EDUCATIONAL DISHARMONY IN INDIA: GOVT. SCHOOL VS. PRIVATE SCHOOL

 

 

A nation can only be progressed with the progression of its education. But here in India the progression in educational system is very pathetic. The base of any nation that is willing to be a superpower in every sense of the term always needs to be commendably strong so that it is able to realize its ambition. India, as a nation, has taken some steps in that regard with the institution of steps such as compulsory free education for each child till the age of 14 years and so on. However, the real problem is perhaps not with the question of access to education but rather the quality of education being provided.

In India, the educational system mainly is followed through two types of schools – one, the Govt. aided and owned schools and the privately owned schools. India, as a nation, has taken some steps in that regard with the institution of steps such as compulsory free education for each child till the age of 14 years and so on. However, the real problem is perhaps not with the question of access to education but rather the quality of education being provided. However, some major problems do remain.

 

The government schools are not known to provide the standard of education and facilities for the students that are available at the ones that are aided by them as well as the private schools. These schools also see the wards dropping out a few years after starting with their education. Perhaps a major reason for this phenomenon is the paucity of jobs for the educated youth in India especially in the rural areas. After all, why would anyone want to be a postgraduate and then sit at home without a job? If one has to work in menial occupations even after being educated then it is better to start working in that sector and gather some experience – education in such a situation becomes a way of wasting time and that is one worrisome aspect of our society.

Perhaps this is an area that the authorities in question need to look into if the education movement is to attain success in the rural areas. This is because the skill and competence of workforce is something that can make or break a nation’s fortune and India is no exception. Secondly, the government has been hiring many teachers for schools in the rural areas but they are not always reporting in time or not even coming at all for days on end and are yet being paid their full salaries, which is a sheer travesty of justice. If the teachers are not coming, then obviously the students do not report to school as well. On the other hand, since students are dropping out, in some places teachers are feeling disillusioned and leaving their jobs as well and this leaves the students who are willing to learn in a lurch. In this way the whole process of education is devalued and it is reduced to a farce.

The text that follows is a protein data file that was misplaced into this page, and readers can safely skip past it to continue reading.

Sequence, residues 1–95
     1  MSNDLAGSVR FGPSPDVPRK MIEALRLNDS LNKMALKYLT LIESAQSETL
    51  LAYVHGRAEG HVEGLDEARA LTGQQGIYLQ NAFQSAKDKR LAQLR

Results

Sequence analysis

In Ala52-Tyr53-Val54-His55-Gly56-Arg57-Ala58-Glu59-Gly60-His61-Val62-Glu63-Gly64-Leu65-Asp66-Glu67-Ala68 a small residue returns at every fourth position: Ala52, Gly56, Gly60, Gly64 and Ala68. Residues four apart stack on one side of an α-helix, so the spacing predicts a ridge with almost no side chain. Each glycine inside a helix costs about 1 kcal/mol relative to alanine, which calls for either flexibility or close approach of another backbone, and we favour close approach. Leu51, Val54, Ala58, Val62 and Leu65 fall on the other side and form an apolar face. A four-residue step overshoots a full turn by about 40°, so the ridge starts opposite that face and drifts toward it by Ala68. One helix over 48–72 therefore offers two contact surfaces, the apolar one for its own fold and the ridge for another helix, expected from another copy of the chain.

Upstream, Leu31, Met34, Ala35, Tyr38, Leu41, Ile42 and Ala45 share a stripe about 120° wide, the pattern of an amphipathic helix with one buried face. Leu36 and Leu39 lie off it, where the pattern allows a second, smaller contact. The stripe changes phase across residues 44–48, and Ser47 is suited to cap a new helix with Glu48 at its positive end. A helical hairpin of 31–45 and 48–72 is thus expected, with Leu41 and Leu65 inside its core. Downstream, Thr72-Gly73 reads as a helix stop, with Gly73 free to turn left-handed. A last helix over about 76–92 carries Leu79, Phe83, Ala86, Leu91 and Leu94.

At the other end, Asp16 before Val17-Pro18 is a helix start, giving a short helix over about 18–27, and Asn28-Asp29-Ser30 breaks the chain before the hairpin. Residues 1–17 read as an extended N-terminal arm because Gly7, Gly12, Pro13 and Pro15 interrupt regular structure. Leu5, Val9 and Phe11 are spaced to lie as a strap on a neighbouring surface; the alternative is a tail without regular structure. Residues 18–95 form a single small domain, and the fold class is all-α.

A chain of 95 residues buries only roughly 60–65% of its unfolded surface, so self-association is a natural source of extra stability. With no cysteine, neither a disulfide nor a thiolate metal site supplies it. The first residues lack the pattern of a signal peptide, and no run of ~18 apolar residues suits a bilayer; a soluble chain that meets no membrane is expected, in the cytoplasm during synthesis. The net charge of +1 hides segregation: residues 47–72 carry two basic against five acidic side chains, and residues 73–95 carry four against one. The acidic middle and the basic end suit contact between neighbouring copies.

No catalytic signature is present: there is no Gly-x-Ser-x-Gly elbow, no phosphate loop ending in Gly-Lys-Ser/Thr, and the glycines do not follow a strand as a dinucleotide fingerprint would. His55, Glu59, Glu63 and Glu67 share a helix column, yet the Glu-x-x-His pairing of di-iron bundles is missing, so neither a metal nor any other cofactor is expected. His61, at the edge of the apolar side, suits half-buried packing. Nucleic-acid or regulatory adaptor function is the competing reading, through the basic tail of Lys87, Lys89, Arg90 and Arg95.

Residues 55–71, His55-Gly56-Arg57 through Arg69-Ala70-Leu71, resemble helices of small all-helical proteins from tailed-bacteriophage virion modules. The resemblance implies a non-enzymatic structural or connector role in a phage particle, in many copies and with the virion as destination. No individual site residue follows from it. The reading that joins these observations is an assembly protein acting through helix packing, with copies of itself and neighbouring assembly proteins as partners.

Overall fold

In the urban areas, the problems, or rather the gaps are of a different dimension. In the cities and towns there are the private schools that provide the best of facilities to their students and ideally are preparing them for a better future. However, the problem is that their fee structure puts them out of the reach of most and they are understandably not willing to lower the same since they require sufficient capital to procure the facilities they offer to the students. The government aided schools also offer similar facilities and are well equipped to include children from the economically backward sections in the region in which they are based. The same cannot be said of most of the governmental schools though.

 

The facilities over here are mostly in the same league with the private or even government aided schools and this is the reason that they are perhaps not in the position to prepare their students as well as the other two classes. However, since they have the maximum number of students, this implies that most of India’s youth is not well prepared to take on high level jobs and responsibilities. This inequality in human resource development is hurting India in several ways – it is not allowing the fullest development of the country’s potential workforce and is also perhaps influencing the decision of companies in India and outside to branch out to the rural centers with the sort of high paying and intelligence oriented jobs that are now the sole preserve of a few cities across the country.

 

One more aspect that needs to ponder upon is that, the Govt. owned schools have to follow the method of preparing a student’s mind more active by introducing extra curriculum activities, such as the classes of singing, dancing, art & music, sports and so on; not only to make them active in these but also to let them explore their innate hidden qualities. Unlike private schools, the Govt. schools only do focus on the education and needless to say, the method is of no use these days. This is why we see the students take extra coaching classes on their subjects and on whichever field they like. Why does a student need to take coaching classes of singing or dancing or so? Why can’t the Govt. schools produce that? Just because they are not trying to fulfilling the student’s interest, the students cannot go further with their studies and hence, they end up with misfortune. Some of them, it has been observed, deal with pre – adultery affaires and eloped dropping out their schools, in other cases it is also being seen that due to lack of interest they remain same without any progression in their character as well.

 content by Madhumita Halder

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